Tea cups, snowflakes and crispies

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Photo by James Norton

I recently read this article, where psychologist Wendy Mogel describes new university students as ‘tea cups’ –students who are fragile and can’t handle adversity- and ‘crispies’ – students who are burnt out from studying too much and no longer enjoy learning.  I’ve also heard university students described as ‘snowflakes’ – students who consider themselves unique, fragile and deserving of special treatment.

While I understand that students need support with the transition to university, I get annoyed with generalisations like this. Are new university students really less resilient and more burnt out than in the past? This categorisation of students reminds me of labels such as ‘generation Y’ and ‘digital natives’. Jim Bright calls such generational tags ‘simplistic and insulting’.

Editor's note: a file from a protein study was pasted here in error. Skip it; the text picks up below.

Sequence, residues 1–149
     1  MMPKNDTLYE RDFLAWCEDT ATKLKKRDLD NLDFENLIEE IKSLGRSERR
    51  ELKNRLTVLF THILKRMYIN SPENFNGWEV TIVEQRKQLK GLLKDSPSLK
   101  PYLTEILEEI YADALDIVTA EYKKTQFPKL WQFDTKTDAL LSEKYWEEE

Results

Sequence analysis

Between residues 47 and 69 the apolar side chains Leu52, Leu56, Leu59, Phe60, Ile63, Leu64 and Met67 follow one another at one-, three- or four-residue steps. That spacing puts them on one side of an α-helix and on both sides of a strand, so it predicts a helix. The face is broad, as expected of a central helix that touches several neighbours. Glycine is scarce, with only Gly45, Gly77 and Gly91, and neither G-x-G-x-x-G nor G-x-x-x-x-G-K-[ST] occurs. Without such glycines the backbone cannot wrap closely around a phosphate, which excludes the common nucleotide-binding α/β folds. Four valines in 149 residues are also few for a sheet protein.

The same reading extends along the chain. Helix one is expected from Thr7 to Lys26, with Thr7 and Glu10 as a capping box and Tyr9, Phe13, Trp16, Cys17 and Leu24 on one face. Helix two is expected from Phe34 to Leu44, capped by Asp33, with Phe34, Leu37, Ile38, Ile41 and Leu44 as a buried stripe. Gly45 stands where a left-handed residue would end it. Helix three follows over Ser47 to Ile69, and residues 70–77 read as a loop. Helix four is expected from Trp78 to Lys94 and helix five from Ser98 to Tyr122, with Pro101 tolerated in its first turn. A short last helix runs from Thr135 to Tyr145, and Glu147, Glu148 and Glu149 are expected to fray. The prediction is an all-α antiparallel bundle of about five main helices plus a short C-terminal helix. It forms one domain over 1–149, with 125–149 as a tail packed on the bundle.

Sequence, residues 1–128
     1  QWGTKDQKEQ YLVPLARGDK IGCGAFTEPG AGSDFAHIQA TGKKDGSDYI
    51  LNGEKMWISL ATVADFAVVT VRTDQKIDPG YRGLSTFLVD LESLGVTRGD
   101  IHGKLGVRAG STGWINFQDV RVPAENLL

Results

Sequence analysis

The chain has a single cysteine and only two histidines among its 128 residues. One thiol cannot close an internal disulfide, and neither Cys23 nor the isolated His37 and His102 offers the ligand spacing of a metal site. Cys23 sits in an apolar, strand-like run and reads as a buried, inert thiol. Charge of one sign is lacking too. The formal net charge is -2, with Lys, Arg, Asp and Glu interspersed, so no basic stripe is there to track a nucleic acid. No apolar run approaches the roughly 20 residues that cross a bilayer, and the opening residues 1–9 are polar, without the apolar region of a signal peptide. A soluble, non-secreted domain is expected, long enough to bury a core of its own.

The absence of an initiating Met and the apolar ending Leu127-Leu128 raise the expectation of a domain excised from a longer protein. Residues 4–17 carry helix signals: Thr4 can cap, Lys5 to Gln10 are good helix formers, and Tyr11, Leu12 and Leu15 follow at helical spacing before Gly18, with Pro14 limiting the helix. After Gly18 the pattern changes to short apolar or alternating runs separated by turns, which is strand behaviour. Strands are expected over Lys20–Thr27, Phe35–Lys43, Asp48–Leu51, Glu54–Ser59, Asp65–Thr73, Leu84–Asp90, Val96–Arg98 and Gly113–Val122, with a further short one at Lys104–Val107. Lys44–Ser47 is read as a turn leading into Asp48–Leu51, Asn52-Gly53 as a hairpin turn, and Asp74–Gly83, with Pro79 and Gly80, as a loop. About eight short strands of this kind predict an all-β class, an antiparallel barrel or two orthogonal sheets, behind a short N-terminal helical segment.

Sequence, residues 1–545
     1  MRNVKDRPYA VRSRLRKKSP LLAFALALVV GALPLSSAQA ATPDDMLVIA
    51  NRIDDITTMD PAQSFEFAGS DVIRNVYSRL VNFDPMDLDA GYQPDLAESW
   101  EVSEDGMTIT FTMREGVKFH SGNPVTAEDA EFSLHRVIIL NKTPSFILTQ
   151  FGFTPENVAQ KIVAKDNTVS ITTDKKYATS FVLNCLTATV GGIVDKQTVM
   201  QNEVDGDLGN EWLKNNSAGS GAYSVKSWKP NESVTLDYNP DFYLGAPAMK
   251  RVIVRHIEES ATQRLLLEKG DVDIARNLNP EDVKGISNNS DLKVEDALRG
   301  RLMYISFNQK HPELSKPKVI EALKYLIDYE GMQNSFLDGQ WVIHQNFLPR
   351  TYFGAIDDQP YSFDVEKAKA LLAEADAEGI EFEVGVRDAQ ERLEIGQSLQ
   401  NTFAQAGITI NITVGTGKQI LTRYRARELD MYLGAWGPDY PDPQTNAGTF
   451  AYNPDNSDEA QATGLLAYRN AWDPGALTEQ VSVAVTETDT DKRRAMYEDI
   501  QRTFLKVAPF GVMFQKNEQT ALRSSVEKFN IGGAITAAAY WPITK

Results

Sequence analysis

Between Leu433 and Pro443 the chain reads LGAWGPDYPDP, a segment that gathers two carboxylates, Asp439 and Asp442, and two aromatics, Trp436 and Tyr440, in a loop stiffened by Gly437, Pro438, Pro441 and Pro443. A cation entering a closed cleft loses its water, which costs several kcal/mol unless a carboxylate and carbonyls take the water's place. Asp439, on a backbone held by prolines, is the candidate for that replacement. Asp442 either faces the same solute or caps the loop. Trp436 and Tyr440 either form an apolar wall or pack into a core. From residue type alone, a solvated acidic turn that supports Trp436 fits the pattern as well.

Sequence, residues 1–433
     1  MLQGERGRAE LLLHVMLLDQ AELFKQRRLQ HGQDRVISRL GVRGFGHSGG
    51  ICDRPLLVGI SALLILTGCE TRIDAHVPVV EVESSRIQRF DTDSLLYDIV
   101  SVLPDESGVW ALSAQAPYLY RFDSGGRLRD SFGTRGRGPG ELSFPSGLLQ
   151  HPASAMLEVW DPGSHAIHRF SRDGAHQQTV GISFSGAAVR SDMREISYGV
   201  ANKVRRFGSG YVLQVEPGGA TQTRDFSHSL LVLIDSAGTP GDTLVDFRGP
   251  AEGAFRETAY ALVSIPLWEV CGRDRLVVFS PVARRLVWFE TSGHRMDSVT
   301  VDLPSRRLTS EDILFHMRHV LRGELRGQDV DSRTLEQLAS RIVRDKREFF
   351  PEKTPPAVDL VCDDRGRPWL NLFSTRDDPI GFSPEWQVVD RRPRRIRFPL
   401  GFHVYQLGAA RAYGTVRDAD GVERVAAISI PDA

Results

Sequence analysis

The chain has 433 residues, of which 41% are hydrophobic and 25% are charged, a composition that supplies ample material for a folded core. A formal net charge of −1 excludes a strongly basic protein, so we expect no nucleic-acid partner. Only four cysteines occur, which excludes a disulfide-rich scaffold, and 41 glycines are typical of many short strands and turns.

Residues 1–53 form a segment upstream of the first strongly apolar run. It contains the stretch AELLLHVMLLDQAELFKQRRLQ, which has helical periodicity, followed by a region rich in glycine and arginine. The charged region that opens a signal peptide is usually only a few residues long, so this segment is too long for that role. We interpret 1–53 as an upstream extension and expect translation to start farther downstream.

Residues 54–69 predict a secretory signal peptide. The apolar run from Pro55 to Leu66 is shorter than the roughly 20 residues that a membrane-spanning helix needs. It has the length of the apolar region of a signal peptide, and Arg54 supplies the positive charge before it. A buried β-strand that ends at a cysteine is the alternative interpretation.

Sue Bennett and Karl Maton found that:

…generations of students have been regularly described as fundamentally dissimilar…and are ascribed different characteristics. Indeed, moral panics over ‘new’ students are a recurrent phenomenon in education (Hickox & Moore 1995). During the late 19th century, for example, the expansion of formal state education was accompanied by concerns over the entry of middle-class and female students (Lowe 1987).  (Bennett and Marton, 2010, p322).

Bennett and Maton’s review of research into ‘digital natives’ shows that while some technology-based activities are common among young people, others are not, and such familiarity cannot be assumed.

Perhaps these tags help university teachers talk about their students, but I don’t think they are helpful in treating students respectfully, as individuals.

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